As a cabal of Trump loyalists stormed the DC Capitol on Wednesday, it was becoming clear that the current state of things is all but untenable. Neoliberalism promised a world where conflict ceases as liberal democracy fueled by the engine of capitalism would take hold, but it has only taken a mere few decades from the time that thesis was upheld to finally witness its abject failure.
To say that the last decade in neoliberal politics has been unsuccessful would be selling it short — regimes across the global northwest assumed the struggle was done once the Cold War was over, but it was all resting on tenuous geopolitical ground. Compounded with an economic crisis in the latter half of the 2000s, neoliberal powers kept shrinking and expanding as populaces grew tired of an endless flip-flop between short-lived prosperity and crushing austerity. While means-tested welfare and job guarantee programs thrived, those who struggled to make ends meet were left wandering with an ever-bottoming abyss of online literature that seeks to explain their dire straits — that’s the intellectual void from which the New Right has sprung into being, and appeasing its ludicrous demands has been our main preoccupation since.
Why politics haven’t been able to do much for the demographics it alienated is inherent to its design, but it also speaks to a tough balancing act that liberal democracies have to inevitably be faced with — “If the demos wishes us to do that which goes against their very interest, should we proceed forth, or is it our duty to nudge them towards a better path?” has been the central question that many governments asked, but very few knew how to quite answer. America would undoubtedly be much worse off if it kept its spoils to all but the palest among them, but communicating that to a populace that’s ever-enmeshed in an alternate reality fueled by an unyielding current of conspiracy theories online… well, it’s a difficult task to say the least.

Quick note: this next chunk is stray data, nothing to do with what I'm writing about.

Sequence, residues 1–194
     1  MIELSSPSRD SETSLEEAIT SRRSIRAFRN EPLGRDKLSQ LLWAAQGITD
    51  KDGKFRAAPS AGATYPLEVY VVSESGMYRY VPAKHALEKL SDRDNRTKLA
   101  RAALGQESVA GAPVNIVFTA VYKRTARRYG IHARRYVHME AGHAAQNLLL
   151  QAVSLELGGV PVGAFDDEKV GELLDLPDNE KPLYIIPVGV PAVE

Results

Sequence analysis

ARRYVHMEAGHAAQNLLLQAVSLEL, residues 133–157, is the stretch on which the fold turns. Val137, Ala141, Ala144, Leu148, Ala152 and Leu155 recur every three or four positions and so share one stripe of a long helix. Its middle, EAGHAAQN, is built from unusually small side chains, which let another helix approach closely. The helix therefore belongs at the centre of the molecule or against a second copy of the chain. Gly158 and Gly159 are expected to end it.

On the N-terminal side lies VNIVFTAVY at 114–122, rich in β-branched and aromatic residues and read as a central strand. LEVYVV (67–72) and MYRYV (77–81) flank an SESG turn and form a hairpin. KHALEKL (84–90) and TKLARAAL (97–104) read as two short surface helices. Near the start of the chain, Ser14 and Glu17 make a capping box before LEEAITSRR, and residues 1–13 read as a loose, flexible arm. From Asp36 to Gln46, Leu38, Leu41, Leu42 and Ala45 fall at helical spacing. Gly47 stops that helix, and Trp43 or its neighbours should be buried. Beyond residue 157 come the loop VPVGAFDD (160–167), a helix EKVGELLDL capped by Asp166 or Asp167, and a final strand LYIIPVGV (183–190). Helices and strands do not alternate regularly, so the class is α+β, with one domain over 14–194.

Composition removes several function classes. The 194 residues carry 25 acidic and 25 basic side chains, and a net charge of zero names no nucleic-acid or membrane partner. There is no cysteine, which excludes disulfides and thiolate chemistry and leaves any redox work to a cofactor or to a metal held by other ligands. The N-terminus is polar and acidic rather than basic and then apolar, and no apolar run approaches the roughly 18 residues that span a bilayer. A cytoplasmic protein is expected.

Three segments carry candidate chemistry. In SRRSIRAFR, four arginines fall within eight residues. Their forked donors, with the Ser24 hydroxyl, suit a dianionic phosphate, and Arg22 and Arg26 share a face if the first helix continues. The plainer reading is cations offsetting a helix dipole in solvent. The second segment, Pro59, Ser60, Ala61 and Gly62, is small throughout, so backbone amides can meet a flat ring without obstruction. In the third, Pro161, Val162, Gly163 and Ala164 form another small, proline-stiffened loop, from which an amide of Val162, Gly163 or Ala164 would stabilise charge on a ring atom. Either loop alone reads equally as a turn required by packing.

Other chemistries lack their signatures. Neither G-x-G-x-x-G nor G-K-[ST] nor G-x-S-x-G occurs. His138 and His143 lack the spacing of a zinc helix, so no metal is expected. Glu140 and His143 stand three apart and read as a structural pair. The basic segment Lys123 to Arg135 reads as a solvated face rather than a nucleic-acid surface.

Social media platforms share a good portion of the blame for this — it’s been oft-told to platform holders that the accommodation of violence-inciters (especially ones with as much influence as Donald Trump) isn’t their solemn duty, and yet you had Mark Zuckerberg opining about the virtues of free speech at Georgetown University even as he chose to take stricker action when the situation called for it. That inconsistency with which common sense checks on mammoth figures are implemented calls for much greater scrutiny after America’s more-immediate woes are over — the platforms that govern much of speech in the entire world have a responsibility to recognize the decisive nature of their involvement, as well they should wield their power accordingly.
What the confluence of all these factors created is a world in which the politics of the most-vocal are held above those of the least-heard — the New Right will affirm time and time again that they’re ignored, even as they pose peril to the democratic process. That assault on what keeps the troubled but careful balance of democracy working should be viewed with uttermost hostility, and it’s a travesty that advocates of quasi-authoritarian rules are seen as constituents to pacifize rather than agents of chaos the need of whose expulsion is immediate and urgent.